Louis Masai

An interview with Louis Masai Interviews

What are you passionate about?

It would be hard not to answer that nature is my biggest passion, but record collecting, art and cooking are all equally as important to me.

Photo by Tee Byford

What motivates and inspires you?

Inspiration is sourced from knowing that we are faced with a catastrophic human endured natural disaster – the sixth mass extinction, and the motivation is to try and find a beautiful way of highlighting that to a wider audience in a way that they can become a part of the solution and help realign current directions.

What is your greatest professional (and/or personal) accomplishment?

To be honest I’m really not sure and that comes down to the way i think…I try hard not to have favourites, greatest or bests, as I find that this highlights a series of lesser favourites, greats and bests. I have an understanding that I’m only as good as the last thing I created or achieved. I have no intention in stopping doing what I do, thus my greatest accomplishment is still yet to come.

And what is the most interesting brief/piece of art you’ve worked on so far?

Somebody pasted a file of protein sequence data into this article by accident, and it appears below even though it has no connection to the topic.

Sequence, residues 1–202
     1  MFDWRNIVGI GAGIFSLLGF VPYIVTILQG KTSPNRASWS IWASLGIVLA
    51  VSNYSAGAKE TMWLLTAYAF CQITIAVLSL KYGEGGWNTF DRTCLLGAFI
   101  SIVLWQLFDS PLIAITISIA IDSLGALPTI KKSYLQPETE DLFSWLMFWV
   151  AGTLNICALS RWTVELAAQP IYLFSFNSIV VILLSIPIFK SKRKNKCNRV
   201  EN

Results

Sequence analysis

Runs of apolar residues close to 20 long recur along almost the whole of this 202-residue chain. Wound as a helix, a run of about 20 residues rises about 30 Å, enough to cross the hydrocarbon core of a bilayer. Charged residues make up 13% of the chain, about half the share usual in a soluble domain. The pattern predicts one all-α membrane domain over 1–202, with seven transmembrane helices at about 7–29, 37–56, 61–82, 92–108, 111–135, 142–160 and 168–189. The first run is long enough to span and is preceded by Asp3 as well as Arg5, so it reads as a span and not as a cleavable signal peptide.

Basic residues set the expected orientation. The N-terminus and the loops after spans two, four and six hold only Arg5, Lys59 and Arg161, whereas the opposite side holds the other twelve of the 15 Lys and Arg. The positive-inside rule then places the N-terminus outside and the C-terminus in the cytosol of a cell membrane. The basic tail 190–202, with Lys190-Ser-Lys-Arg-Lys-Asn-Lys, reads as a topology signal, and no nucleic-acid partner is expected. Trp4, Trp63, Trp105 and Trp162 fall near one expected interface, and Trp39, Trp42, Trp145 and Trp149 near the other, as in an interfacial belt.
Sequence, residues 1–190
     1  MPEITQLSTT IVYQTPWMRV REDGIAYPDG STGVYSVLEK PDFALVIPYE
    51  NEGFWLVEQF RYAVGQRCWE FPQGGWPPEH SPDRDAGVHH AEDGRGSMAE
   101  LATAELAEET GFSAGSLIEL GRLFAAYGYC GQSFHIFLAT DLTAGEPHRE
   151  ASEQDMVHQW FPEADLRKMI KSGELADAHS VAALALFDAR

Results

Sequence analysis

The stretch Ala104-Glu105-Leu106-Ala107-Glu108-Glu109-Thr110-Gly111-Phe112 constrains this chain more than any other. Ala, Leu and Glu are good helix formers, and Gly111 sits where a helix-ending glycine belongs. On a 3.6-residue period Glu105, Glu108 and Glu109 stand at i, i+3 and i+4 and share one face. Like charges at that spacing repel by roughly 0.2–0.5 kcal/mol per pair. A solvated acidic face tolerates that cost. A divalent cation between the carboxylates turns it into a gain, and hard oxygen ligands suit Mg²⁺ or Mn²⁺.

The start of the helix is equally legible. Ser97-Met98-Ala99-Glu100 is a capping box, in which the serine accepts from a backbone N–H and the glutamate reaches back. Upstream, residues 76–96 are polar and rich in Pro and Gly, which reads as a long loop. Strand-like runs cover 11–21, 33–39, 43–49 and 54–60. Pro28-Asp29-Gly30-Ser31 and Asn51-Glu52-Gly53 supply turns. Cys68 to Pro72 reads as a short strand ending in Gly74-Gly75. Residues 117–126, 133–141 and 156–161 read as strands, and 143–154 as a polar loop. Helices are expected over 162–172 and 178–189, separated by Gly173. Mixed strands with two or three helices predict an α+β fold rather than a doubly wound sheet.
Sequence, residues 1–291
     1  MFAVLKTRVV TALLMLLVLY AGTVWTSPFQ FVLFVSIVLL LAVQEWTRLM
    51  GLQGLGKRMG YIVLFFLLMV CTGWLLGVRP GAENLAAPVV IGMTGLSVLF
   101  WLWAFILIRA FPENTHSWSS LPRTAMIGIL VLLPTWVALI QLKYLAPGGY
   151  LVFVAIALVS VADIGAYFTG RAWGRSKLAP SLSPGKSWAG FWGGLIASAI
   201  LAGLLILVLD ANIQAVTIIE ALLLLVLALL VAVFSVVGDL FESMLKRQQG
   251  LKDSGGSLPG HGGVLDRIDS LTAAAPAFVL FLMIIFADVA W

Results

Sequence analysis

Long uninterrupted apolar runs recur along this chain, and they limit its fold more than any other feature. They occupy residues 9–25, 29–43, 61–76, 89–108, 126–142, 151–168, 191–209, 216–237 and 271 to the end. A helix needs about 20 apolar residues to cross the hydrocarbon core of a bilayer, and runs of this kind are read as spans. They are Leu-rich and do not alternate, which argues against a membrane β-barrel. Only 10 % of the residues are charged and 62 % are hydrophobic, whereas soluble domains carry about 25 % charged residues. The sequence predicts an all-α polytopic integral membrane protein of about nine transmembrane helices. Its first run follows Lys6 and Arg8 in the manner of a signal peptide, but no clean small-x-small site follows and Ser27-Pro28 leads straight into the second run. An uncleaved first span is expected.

I think that is kind of the same answer as above. However the tour I did last year – the art of beeing, was very exciting. 9 weeks on the road in America travelling 8000 miles by car, painting in every city along the way and creating five films was definitely the most demanding project I have ever undertaken.

photo by @emil.walker

What made you want to use your art and skills for positive impact and social benefits?

I would have to say it’s the cliche answer of it’s something that grows from within myself. I can’t define where it comes from and I have no idea where it will go, it just feels the right thing to be doing.

Who has been your biggest influence?


photo by @lmnotree

What is the best piece of advice you have ever been given and who gave it?

I can’t remember where i got these bits of advice but i have two that I really love…
1. Your never too late to the table, you arrive exactly when YOU need to be there, if no one else is at the table, start your own conversation, others will join.
2. Once you feel you have mastered a skill, stop and learn another. You can always come back to what you know, but to acquire more skills is always an advantage.

What is the best piece of advice you would give to a young creative?

One of the two above

Louis Masai

header photo by Tee Byford